I think it's going to be a good change. You named guys like EC3 and the newer guys that may be coming in, but you still have the Kurt Angles and the Jeff Hardys and veterans that are in the position to help younger guys, like myself, out and not only learn more, but see if I can obviously handle the pressure of being in that main event spot.
I think it's a good change for Impact because TNA has always been that company since day one with the younger guys, like A.J. Styles and Chris Daniels and all these guys. TNA has always been about different, new, and young talent. For a while there, it kind of got away from that I feel. Dixie tweeted about it as you mentioned and I think that it's a good spot to be in.
I mean, I'm 32-years-old and, obviously, I want to be the next superstar of Impact Wrestling and I you can only do so much until they give you that platform to perform on. So, with that being said and 2014 being a new year, they are looking for the new face of the company. There have been a lot of changes, but I think the new face of the company is something different and new and something that the fans can latch on to.
The fans want to see different stuff. They don't want to see the same guys year in and year out doing the same stuff all the time. WWE always has new, fresh guys coming in and changing the product and I think that Dixie and the company in general are going to give us younger guys an opportunity to really stand out and see what we can do.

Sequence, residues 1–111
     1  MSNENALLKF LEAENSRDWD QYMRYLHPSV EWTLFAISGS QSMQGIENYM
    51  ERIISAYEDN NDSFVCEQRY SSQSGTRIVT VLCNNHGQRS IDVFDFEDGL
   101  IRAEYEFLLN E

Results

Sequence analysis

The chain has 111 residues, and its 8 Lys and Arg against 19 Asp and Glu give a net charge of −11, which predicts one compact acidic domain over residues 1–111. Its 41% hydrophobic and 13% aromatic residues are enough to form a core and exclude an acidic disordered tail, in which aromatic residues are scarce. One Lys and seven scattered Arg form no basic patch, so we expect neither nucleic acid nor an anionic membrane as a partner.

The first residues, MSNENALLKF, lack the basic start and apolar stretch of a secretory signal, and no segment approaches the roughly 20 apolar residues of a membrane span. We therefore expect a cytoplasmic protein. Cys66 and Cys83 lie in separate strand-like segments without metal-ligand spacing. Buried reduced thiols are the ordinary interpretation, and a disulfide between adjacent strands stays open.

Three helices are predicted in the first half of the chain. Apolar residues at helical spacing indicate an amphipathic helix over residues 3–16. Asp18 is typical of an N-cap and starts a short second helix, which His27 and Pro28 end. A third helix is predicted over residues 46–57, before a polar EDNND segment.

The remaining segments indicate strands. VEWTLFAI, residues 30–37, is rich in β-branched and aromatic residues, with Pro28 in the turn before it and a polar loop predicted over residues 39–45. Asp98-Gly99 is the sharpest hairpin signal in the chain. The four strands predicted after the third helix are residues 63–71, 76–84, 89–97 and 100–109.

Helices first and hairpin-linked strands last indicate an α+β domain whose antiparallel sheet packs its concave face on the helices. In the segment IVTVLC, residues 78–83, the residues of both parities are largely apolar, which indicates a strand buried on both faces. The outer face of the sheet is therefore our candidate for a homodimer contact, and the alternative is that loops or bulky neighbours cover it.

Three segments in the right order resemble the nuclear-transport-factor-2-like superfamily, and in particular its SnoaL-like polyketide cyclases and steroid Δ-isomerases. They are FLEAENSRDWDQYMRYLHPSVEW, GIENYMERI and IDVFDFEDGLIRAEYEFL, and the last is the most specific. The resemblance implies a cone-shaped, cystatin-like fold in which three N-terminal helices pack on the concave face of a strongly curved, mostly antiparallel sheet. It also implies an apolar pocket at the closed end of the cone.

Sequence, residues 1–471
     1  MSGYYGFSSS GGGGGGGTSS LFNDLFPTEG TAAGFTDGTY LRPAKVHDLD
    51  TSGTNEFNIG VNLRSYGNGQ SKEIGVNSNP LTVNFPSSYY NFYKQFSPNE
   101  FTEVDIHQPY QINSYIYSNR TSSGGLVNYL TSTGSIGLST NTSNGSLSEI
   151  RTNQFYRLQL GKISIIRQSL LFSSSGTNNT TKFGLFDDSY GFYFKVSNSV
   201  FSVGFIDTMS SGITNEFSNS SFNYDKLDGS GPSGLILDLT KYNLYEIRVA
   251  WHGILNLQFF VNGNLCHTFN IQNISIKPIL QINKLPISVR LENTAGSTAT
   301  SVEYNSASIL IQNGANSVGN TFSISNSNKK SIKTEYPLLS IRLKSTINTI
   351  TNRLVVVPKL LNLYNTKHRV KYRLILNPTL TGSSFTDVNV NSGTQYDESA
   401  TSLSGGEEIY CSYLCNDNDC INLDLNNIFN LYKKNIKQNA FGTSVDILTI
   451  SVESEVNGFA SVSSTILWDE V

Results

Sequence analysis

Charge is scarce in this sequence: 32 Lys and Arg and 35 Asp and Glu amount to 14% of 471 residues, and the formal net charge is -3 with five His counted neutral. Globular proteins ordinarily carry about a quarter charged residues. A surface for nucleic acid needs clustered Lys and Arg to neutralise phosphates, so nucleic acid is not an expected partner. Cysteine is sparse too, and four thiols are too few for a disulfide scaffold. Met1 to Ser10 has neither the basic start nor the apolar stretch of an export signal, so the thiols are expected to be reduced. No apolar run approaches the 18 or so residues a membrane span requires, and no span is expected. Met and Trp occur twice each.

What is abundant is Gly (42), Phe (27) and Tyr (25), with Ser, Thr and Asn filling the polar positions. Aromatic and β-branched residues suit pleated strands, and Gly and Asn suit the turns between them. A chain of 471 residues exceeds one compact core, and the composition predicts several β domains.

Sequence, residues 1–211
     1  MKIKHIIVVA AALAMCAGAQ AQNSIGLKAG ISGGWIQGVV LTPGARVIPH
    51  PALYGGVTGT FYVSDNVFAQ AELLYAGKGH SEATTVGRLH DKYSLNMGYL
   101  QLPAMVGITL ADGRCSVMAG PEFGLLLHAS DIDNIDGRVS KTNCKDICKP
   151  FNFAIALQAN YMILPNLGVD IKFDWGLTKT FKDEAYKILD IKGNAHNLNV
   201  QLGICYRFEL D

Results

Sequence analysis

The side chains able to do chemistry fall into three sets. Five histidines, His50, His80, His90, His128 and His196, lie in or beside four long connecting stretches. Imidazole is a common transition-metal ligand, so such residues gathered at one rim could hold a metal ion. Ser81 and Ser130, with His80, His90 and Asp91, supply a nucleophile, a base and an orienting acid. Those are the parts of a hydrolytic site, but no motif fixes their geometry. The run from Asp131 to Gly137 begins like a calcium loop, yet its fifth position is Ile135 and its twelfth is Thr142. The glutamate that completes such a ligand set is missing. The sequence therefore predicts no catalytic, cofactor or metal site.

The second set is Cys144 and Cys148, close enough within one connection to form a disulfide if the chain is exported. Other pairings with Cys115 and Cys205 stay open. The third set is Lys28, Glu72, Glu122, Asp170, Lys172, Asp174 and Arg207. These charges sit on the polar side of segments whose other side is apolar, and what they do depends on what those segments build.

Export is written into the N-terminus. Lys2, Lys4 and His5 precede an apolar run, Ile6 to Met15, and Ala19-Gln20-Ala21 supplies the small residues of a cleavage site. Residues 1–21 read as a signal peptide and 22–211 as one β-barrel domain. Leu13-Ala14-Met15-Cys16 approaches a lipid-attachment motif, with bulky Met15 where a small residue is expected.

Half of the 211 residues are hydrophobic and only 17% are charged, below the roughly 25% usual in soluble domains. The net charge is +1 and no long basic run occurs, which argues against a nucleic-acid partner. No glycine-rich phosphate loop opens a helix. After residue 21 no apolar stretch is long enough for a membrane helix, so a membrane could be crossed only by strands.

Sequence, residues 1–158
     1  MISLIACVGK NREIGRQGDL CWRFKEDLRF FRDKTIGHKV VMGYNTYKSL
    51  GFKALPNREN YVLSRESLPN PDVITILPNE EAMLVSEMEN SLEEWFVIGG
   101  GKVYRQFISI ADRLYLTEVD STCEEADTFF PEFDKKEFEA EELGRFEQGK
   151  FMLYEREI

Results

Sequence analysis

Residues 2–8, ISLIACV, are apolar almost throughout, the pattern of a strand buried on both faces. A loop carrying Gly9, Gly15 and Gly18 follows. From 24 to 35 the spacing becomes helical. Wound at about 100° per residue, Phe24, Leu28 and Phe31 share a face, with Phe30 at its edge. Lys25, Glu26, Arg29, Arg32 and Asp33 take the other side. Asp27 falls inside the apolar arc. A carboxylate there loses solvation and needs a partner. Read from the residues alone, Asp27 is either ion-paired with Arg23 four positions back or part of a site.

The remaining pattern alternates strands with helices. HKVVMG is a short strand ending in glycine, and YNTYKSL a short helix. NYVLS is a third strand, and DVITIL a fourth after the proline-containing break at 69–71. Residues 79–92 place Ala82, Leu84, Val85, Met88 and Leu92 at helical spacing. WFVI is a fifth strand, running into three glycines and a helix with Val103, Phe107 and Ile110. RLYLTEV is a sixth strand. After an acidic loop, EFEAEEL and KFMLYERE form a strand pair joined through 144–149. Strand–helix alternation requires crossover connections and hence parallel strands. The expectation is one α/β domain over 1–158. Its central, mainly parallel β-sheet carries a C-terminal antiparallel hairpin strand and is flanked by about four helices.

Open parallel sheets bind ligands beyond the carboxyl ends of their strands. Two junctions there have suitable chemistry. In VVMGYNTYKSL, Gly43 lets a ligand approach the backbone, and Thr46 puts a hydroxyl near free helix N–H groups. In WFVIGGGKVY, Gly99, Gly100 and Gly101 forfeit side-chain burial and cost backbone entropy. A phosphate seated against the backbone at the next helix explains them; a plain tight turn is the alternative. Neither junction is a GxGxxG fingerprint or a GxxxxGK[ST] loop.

TNA going on the road for Impact and returning to Orlando:
Going on the road was a big jump for a younger company. I talked to Earl Hebner a lot about the early days in WWF when he started and the venues that they would run and events would run smaller places also. He didn't jump right into these big arenas unless he was running the big syndicated TV program or Big Event or something like that. I think that TNA, being 11 years old, is really a baby company right now, as far as that aspect goes.
I think that us running smaller venues is a good thing because we can fill these really small venues. By bringing the crowd into smaller venues, they seem like they want to be a part of the show. When we were on the road, the arenas were hit or miss and the Orlando thing was always wide open. The place was always usually packed.